Symptomatic treatment of osteoarthritis: paracetamol or non-steroidal anti-inflammatorydrugs?


Authors: K. Pavelka
Authors‘ workplace: Revmatologický ústav, Praha
Published in: Čes. Revmatol., , 2004, No. 1, p. 14-19.
Category:

Overview

The author discusses relative advantage of paracetamol or non-steroidal anti-inflammatory drugs(NSAIDs) application in the symptomatic treatment of osteoarthritis. While older studies demonstrateda similar efficacy of paracetamol and NSAIDs, latest cross-over trials revealed superiorityof NSAIDs, particularly in patients with initially higher level of pain. About 60% of patients preferNSAIDs, but nearly 40% of them describe quite a similar efficacy of paracetamol. Paracetamol hasbeen considered to be a safe drug. Two epidemiological studies showed comparable frequencies ofgastrointestinal adverse events between higher doses of paracetamol and NSAIDs. Nevertheless,there is no evidence for increased risk of gastric ulcer after paracetamol use. Considering thecost/benefit ratio, the most advisable approach is to initiate analgesic treatment with paracetamoland to continue with it over long termtreatment, if satisfactory. The use of NSAIDs is recommendedwhen paracetamol is insufficient in pain control. The concept of phasic treatment - short term useof NSAIDs during pain exacerbation and long termadministration of paracetamol afterwards is alsorecommended.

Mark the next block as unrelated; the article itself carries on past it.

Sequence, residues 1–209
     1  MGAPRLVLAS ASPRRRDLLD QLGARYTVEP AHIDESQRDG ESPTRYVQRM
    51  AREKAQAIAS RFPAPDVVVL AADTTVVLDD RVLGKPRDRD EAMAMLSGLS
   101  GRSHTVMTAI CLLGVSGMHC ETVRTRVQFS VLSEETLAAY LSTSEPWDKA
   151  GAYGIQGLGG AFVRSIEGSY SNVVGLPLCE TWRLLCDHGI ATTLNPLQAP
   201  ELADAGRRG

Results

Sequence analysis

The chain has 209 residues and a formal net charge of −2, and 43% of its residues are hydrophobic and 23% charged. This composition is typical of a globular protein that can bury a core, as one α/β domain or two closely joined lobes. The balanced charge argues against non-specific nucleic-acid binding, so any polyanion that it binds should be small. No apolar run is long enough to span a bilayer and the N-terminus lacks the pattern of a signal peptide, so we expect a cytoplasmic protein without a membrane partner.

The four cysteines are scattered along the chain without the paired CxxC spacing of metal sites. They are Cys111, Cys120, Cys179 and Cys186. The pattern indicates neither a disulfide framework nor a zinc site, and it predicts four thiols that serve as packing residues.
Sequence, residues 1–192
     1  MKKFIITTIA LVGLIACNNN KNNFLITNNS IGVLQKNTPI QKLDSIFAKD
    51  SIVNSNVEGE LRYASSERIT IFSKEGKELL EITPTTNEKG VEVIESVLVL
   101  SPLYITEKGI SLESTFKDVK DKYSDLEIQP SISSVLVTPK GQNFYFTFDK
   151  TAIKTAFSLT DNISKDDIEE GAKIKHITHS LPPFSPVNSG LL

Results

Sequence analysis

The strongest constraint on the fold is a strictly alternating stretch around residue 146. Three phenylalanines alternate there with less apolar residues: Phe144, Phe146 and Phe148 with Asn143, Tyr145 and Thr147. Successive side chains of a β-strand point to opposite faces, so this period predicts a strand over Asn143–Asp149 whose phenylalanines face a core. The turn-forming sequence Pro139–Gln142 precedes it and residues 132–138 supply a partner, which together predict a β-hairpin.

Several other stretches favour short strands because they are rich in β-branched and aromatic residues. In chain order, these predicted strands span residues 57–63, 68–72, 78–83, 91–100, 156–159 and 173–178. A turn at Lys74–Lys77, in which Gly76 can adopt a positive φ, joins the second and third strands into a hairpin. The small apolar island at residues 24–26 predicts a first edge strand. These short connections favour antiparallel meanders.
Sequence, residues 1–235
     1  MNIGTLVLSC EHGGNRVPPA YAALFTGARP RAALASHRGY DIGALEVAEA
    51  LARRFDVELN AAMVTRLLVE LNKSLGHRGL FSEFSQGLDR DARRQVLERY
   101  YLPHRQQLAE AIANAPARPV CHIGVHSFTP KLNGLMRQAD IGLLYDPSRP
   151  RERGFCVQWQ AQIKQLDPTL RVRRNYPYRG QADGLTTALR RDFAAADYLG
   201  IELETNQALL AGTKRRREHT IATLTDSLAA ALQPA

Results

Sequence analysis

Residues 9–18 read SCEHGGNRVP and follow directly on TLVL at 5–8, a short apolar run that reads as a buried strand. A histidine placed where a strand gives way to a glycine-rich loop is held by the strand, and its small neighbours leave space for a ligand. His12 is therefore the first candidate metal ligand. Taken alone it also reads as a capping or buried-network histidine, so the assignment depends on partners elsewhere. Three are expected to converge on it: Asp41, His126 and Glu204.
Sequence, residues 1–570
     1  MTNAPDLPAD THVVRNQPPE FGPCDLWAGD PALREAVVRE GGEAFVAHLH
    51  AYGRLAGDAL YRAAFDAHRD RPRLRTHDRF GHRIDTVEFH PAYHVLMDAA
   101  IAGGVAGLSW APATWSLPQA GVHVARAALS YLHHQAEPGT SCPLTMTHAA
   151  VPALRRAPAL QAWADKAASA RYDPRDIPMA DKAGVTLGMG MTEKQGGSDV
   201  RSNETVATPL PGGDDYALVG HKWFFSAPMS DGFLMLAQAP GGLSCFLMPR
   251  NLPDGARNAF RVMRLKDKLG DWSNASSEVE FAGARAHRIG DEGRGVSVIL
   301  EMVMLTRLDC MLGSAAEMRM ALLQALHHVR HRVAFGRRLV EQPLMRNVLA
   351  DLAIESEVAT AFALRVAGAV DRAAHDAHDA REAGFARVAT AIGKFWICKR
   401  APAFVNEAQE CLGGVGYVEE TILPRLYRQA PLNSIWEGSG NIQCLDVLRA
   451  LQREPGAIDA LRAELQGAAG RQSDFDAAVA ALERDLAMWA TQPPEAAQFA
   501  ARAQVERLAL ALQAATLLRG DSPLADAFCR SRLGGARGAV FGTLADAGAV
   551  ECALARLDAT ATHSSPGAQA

Key words:
osteoarthritis, paracetamol, non-steroidal anti-inflammatory drugs

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Labels
Dermatology & STDs Paediatric rheumatology Rheumatology
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